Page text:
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Report: Ex-Red Sox reliever Reed gets deal with Twins

He was dubbed "Closer B" by Red Sox manager John Farrell when acquired at the trade deadline last summer, now Addison Reed is "Closer B Gone"...to the Twins.

The right-handed reliever, 29, has agreed to a two-year, $16.75 million free-agent deal with Minnesota, pending a physical, Ken Rosenthal of FOX Sports and TheAthletic.com reports. 

Reed began last season with the Mets and had 19 saves and a 2.57 ERA before being traded to the Red Sox, where he had a 3.33 ERA in 29 games (27 innings) without a save as a setup man for Craig Kimbrell.  
 

Red Sox, Mookie Betts far apart on salary and heading toward arbitration

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Red Sox, Mookie Betts far apart on salary and heading toward arbitration

The Red Sox and star right fielder Mookie Betts intend to go to an arbitration hearing in February, and there were signs this was coming even a year ago.

Betts was the only arbitration-eligible player on the Red Sox who did not settle on a contract with the team on Friday, when a deadline arrived for all teams and arbitration-eligible players to exchange 2018 salary figures. Jackie Bradley Jr., Xander Bogaerts and Drew Pomeranz were the biggest names to avoid hearings.

Betts filed for a $10.5 million salary and the Red Sox filed at $7.5 million.  Betts and the Red Sox agreed previously that if no figure could be settled on by the Friday deadline, they would proceed to a hearing, assistant general manager Brian O'Halloran said. 

A three-person panel of arbitrators therefore is set to determine what Betts makes in 2018: either the $7.5 million figure the Sox filed or the $10.5 million figure Betts' camp submitted. The arbitrators won't settle on a midpoint for the parties. 

O'Halloran noted to the Globe there are no hard feelings involved.

Nonetheless, such a large gap would seem to provide incentive to settle. The parties technically could still decide to do so, but that would take a change of course from the present plan. The idea was to settle any time before Friday, and they did not.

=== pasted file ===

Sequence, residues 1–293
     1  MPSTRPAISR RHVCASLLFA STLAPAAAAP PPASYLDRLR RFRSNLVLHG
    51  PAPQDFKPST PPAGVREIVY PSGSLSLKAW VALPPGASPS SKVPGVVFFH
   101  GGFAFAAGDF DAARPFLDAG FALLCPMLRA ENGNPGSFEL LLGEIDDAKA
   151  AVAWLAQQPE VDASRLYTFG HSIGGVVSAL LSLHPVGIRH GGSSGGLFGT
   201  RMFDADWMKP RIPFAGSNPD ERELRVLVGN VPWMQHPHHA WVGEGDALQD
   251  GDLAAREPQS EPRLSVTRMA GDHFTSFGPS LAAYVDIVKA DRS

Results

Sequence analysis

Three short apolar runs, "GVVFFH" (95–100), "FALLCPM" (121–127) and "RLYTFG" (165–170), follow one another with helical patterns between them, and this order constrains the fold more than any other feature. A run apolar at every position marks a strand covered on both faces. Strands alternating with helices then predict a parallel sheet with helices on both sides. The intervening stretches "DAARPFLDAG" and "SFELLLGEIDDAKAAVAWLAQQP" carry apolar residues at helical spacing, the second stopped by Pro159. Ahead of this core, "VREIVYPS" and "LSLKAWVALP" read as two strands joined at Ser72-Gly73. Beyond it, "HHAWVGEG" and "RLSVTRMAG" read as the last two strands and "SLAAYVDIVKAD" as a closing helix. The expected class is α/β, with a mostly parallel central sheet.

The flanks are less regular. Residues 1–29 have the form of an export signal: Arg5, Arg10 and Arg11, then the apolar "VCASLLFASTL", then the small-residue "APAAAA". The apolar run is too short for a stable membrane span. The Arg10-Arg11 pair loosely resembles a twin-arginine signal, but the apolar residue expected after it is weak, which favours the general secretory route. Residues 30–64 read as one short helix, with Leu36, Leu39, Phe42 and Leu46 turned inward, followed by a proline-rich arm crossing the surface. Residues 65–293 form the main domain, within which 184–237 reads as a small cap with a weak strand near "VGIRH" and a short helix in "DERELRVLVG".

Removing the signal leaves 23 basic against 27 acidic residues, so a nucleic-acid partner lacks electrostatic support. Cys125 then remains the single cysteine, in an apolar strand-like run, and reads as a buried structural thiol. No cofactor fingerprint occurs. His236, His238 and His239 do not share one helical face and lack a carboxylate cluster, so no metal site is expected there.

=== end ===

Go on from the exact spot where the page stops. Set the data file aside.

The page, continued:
Betts is asking for near-record money for a first-year arbitration eligible player. Kris Bryant set the record Friday with a $10.85 million settlement.

The hearings can be difficult for player-team relations because teams have to make the case in front of the player that he is worth less money than he wants.

Betts, 25, hit .264, with 24 homers, 102 RBI, 25 stolen bases and a .803 OPS in 2017, numbers that fell from his American League MVP runner-up performance in 2016, but were nonetheless very strong and coupled with first-rate defense.

This offseason is Betts' first of arbitration eligibility. In the first three years of service time in a players' career, there's no recourse if you don't like the salary a team is offering. Teams can pay players anything at league minimum or above. 

The only option a player has in those first three years is to make a stand on principle: you can force the team to technically "renew" your salary, which notes to everyone that you did not agree to the salary. Betts and his agents did that in 2017 when the Sox paid him $950,000, a very high amount relative to most contract renewals.

Some of the standard thinking behind forcing a team to renew a contract is that if an arbitration case comes up down the road — and one now looms for Betts — it's supposed to show the arbitrators that the player felt even in seasons past, he was underpaid.

Still, the Sox may have effectively combatted that perception by paying Betts almost $1 million on a renewal. Per USA Today, that $950,000 agreement in 2017 was "the second-highest one-year deal ever for a non-arbitration-eligible player with two-plus years of big league service." Mike Trout got $1 million in 2014.